“#Bankofamerica I have been a professional client for 17 years”, complains Eric Martel, an entrepreneur. “I tried to apply for SBA paycheck protection to pay employees and they refused me. Looking for another bank.

Outrage made #bankofamerica a trending hashtag on Twitter that day and prompted Republican Senator Marco Rubio, a prominent member of the team that developed the Paycheck Protection Act, to voice his concern, tweet that “It’s a @BankofAmerica, a requirement not a government requirement. They should drop it. This money is 100% guaranteed by the federal government.

So shame on Bank of America, right? Well yes. But I don’t think that’s the only problem.

Choosing to favor only clients over everyone else, requiring excessive documentation, or limiting loans was a bad and misguided decision. Complaining publicly was a bad PR move. Not being more proactive in the weeks of preparation was poor planning.

But in their defense, Bank of America and other big banks loaned a lot of money as part of the stimulus package. There were technical issues with the SBA loan system. The SBA and Treasury rules were unclear and placed a little too much on the lender. Some banks – like Wells Fargo – were subject to federally imposed loan limits because of their past wrongdoing. Banks have an obligation to their shareholders and customers – and the economy as a whole – to monitor their balance sheets. They are notoriously conservative (except when they aren’t, like in the years leading up to 2009), and we want them to be.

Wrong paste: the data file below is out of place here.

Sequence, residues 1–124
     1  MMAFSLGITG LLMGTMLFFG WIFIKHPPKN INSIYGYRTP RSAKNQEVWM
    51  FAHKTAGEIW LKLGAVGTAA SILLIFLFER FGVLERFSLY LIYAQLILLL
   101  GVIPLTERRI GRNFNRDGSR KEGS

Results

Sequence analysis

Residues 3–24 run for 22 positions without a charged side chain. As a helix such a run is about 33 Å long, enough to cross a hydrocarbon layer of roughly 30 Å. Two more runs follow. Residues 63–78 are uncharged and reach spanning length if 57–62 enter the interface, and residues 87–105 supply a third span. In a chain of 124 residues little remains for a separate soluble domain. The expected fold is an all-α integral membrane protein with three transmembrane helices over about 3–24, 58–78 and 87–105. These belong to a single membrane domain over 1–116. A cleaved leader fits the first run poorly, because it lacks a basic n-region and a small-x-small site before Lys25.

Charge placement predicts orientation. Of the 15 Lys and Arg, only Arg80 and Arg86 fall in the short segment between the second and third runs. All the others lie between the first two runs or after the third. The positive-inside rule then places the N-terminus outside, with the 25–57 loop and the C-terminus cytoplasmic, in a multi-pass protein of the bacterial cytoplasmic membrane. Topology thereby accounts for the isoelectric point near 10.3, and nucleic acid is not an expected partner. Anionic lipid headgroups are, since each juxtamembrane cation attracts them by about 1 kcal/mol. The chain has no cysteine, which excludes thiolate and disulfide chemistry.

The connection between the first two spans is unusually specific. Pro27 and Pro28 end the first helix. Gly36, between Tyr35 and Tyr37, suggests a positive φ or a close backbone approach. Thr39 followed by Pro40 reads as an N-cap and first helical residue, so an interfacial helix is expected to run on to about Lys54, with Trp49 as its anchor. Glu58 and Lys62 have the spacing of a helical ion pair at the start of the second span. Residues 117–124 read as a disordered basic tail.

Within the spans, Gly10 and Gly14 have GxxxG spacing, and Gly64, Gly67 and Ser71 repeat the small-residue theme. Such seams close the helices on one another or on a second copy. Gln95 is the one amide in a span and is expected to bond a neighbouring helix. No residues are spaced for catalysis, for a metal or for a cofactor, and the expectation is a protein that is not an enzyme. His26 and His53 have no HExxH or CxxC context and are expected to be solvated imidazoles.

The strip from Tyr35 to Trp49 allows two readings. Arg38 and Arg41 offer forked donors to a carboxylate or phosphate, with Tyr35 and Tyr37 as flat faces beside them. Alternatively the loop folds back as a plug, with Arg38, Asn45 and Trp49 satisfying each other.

The good news is that the treasury department just got out additional guidance for lenders this week and key policymakers like Rubio are pushing through more changes to make the stimulus package – to which he has contributed so much – a success. He posted a series of tweets Monday, which addressed its concerns, including the Federal Reserve’s intention to “help free up more space on lenders’ balance sheets to issue #PPPloans or by making #PPPs more attractive to secondary market buyers,” or by buying #PPP loans directly from lenders ”.

Anyway, the behavior of these banks does not surprise me.

I hate to say I told you, but I saw it coming last week when I written here that “for some of them [banks]This stimulus bill is a potential problem… it’s just a pain in the neck and may not be worth every headache.

I believe that is what is really happening with Bank of America and its other major lenders. They see this program not as an opportunity to grow their small business lending practices (like many smart little banks and credit unions), but as a burden, a hassle, and a distraction from what really earns them money. money: their large corporate clients. Hope I am wrong about this. But if I’m right – and I believe I’m right – then that’s the real reason they should be ashamed of themselves.